Federal fisheries managers announced last Friday that the recreational season for a number of species in the popular porgy family will close on Sept. 17 and not reopen until Jan. 1, 2015.

Porgy species included in the closer are: jolthead, knobbed, whitebone and saucereye progys and scup. They are a part of the reef complex species that also includes gray triggerfish, yellow jack, bar jack, almaco jack, lesser amberjack, banded rudderfish, white grunt, margates and spadefish. Red porgy, also called pinky, pink snapper or silver snapper, is not included in the porgy complex or the reef complex and are managed separately.  

The porgy complex is important to headboat operators and charter fishermen who specialize in offshore bottom-fishing. Fishermen are allowed to keep 20 fish per day in aggregate of the reef complex species, and on the average, several of those fish will be porgys.

“I hate this,” said Capt. Butch Foster of Yeah Right Charters in Southport. “Losing the porgys for 3 ½ months isn’t bad enough to keep people from chartering to go fishing, but it is another nail in the coffin of offshore bottom-fishing charters. This is another species we have to monitor and release, and no one can tell us where the numbers used to set the catch limits come from.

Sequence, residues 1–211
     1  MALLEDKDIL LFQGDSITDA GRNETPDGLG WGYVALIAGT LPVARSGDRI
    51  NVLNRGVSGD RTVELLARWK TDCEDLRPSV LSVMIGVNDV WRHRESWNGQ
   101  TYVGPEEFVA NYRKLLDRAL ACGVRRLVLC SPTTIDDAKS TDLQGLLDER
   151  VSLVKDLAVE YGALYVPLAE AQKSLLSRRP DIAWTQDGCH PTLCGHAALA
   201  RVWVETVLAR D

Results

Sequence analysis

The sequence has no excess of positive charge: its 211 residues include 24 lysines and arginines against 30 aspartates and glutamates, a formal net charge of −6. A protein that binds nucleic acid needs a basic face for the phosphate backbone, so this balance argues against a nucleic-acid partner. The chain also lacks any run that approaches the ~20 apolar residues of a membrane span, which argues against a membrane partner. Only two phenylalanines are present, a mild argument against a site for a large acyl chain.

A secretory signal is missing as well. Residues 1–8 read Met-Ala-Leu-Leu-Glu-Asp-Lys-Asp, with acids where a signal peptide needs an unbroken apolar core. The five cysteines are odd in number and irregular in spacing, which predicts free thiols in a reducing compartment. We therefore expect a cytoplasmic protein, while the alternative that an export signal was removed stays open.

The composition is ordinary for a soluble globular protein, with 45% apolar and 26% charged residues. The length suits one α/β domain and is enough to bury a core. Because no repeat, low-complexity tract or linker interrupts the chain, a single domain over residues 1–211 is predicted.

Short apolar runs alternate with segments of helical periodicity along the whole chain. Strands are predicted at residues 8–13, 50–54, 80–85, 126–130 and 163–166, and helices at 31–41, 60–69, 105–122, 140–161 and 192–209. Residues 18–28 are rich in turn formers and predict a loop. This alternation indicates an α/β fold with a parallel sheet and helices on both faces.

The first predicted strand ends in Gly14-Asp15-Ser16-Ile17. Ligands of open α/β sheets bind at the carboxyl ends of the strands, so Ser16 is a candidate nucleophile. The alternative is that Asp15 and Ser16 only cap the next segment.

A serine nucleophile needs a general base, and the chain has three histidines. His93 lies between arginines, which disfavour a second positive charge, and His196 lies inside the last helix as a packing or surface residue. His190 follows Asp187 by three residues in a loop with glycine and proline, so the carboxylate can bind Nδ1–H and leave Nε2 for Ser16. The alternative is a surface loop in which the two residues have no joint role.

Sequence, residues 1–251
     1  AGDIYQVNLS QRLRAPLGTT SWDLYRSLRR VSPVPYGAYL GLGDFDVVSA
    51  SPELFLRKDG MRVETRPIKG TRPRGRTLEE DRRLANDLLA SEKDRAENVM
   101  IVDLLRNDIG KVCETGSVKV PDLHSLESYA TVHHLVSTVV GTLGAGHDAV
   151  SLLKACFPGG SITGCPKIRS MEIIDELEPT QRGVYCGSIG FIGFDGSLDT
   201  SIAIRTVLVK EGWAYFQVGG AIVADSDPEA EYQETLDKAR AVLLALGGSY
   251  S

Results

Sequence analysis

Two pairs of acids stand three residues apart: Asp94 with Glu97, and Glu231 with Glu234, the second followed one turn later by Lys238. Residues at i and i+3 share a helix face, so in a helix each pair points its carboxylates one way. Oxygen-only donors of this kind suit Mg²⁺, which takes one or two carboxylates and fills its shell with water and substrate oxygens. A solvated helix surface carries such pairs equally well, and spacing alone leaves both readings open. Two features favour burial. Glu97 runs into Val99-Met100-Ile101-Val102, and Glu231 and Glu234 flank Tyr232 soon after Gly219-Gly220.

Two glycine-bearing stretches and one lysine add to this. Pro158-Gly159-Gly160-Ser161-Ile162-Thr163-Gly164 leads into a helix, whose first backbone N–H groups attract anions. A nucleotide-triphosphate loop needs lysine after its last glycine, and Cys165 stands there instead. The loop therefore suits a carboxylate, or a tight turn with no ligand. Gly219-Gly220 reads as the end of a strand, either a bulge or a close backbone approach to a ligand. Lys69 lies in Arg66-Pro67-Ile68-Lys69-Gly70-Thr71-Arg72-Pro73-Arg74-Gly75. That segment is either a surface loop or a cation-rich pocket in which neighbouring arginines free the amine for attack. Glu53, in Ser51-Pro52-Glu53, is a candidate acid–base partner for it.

“We have to tell our fishermen they can’t keep them, but (we) don’t have the reasoning that was used to close the season. I’ve been fishing from Southport for 14 years and have never had a biologist sample my catch.”

The recreational catch limit for the porgy complex is 106,914 pounds annually. It was exceeded in 2013, and the overage was deducted from the 2014 annual catch limit; that’s the reason the fishery is closing early. NOAA Fisheries said reports indicate the 2014 catch will also have some overage, and season is closing as quickly as possible to minimize the overage. The 2014 overage will be deducted from the 2015 annual catch limit. 

Commercial harvest of the porgy complex remains open at this time, but is nearing the annual catch limit and will be closed if it reaches the limit.